Remember that it takes 3 weeks or so before your body sees the full effect of a workout, growing stronger and adapting. So, pay close attention to what you’re doing a month out from your goal race.
Taper (decrease mileage to prepare your body to race) only for your goal race. Rest the day or two before other races in your plan, but don’t alter large chunks of your training plan for a lower priority race. Those chunks might be prime training time for your goal.
Related: How to Taper for a Big Race
5. Calculate recovery time
A general rule is one day recovery for every mile raced. This doesn’t mean you wouldn’t run those days, but that your body is still recovering and you’re not going to get the best training out of those days.
While one mile = one day isn’t a hard rule, you can still see how too many races could really mess up a training plan. You’re not doing yourself any favors by trying to run hard or far with a recovering body.
So, remember when you sign up for races that you’re also signing up for the recovery days.
I only have 2 half marathons in my 2 month training cycle – one in the middle and one at the end. I know that half marathon races need much more recovery time than a simple long run and I don’t want to take away from my training.
Conversely, when I did a 5K training cycle last year, I ran in 6 5K races over the same 2 month period. 5Ks require less recovery time. I used them as some of my hard effort sessions and to practice pacing.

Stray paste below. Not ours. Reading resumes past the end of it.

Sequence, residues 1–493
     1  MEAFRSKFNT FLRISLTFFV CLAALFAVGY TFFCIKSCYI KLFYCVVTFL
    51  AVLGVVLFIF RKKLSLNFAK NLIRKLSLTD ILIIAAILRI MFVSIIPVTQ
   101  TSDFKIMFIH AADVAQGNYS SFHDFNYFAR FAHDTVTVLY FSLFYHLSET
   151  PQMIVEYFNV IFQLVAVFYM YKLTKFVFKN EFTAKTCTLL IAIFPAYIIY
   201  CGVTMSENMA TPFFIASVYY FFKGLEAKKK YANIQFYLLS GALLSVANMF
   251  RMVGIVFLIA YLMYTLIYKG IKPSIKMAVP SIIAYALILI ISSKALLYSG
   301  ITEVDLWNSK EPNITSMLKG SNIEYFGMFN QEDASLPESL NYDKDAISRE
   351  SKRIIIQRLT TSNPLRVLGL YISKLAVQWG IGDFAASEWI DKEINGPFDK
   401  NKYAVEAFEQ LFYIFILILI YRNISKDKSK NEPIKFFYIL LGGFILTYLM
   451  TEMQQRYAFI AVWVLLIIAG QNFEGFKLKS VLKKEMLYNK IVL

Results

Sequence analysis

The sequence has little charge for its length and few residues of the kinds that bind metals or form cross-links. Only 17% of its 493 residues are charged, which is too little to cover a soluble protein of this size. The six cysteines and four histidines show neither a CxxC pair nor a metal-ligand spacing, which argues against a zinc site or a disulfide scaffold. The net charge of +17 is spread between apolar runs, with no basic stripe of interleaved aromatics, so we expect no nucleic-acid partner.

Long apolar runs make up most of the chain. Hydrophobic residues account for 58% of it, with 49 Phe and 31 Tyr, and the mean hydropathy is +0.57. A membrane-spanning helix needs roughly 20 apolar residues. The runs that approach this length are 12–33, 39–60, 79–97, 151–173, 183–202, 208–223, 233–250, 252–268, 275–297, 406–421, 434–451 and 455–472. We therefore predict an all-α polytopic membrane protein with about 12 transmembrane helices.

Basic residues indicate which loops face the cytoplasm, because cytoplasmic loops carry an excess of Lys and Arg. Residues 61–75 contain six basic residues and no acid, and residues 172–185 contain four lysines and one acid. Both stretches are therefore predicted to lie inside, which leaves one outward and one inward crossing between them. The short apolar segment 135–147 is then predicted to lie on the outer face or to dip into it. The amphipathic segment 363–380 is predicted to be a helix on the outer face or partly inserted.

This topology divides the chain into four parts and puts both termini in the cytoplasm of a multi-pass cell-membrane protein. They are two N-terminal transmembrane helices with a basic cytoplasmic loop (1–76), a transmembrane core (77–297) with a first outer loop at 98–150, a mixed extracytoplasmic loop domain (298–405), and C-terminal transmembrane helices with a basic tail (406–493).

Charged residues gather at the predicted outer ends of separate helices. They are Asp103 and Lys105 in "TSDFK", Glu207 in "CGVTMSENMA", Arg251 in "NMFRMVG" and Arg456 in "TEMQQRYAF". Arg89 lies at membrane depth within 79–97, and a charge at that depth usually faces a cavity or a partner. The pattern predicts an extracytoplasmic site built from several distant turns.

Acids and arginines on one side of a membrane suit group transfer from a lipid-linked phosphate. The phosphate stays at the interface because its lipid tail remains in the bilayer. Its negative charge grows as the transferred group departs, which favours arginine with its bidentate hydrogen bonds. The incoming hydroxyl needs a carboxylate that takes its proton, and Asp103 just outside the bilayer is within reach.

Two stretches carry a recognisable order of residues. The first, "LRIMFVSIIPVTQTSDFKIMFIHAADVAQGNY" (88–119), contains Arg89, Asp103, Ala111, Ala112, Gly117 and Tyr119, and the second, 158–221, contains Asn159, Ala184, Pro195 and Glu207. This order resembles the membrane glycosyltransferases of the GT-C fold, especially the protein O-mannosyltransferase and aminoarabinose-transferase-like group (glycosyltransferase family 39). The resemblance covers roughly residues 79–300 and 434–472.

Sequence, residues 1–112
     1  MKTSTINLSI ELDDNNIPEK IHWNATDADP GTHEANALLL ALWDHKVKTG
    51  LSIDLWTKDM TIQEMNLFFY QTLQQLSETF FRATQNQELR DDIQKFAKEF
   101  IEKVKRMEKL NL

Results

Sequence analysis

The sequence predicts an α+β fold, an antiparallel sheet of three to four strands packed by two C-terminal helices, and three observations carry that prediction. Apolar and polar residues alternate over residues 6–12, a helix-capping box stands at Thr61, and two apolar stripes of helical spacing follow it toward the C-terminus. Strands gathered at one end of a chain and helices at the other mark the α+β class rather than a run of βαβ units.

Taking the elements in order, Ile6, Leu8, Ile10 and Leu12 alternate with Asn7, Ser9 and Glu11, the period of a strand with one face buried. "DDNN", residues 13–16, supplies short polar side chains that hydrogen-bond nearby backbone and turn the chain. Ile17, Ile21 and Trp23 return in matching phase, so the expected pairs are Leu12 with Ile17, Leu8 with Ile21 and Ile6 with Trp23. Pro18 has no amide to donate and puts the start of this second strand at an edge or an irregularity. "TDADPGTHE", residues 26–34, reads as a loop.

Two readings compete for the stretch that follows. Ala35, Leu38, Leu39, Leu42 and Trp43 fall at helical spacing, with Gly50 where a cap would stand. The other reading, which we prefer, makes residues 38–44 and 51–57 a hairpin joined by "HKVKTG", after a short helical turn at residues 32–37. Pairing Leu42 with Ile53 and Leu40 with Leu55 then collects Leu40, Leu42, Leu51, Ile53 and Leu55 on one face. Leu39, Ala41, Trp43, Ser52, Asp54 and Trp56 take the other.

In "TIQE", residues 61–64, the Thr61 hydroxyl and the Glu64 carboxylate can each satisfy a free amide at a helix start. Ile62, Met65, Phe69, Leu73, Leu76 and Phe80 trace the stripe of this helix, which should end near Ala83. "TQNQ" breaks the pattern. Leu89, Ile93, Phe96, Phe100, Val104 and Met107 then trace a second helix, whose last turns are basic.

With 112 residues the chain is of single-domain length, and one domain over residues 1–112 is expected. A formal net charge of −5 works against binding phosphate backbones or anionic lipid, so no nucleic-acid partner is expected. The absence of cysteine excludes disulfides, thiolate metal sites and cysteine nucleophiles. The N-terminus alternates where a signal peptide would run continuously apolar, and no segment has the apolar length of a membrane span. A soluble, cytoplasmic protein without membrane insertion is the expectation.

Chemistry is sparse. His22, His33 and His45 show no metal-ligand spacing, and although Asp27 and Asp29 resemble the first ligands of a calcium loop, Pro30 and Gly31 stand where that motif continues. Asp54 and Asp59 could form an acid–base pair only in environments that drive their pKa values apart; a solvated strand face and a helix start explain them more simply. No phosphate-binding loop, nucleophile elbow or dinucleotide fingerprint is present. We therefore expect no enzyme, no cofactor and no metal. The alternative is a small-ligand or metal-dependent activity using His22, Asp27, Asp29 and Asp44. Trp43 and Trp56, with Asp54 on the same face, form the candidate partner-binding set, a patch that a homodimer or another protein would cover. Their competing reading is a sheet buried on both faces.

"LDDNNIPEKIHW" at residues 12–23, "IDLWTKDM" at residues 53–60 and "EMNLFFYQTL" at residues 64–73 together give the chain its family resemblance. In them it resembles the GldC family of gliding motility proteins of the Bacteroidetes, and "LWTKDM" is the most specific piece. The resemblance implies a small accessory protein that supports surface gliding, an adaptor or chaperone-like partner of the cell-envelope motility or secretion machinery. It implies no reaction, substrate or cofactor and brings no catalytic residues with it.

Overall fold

Related: My 5K PR Blog Series
For the race maniacs
If you are someone who likes to race often or use it as your training, then speak with your coach about how to get the most out of your racing season.
Plan key workouts on non-race weekends and during the week, so that you can continue to see improvement in your performance without invading your prep and recovery days.
Avoid Race Scheduling Mistakes
Racing is great, but recognize each race has two costs — the workout that you’re swapping out, and the time it takes to recover.
Balance between chipping away the foundation of your plan and fitting in every listed workout and race. Listen to your body and your mind. Overworking and overtraining leads to under performance, just as missing key training principles does.
Train smart, race hard, and recovery well!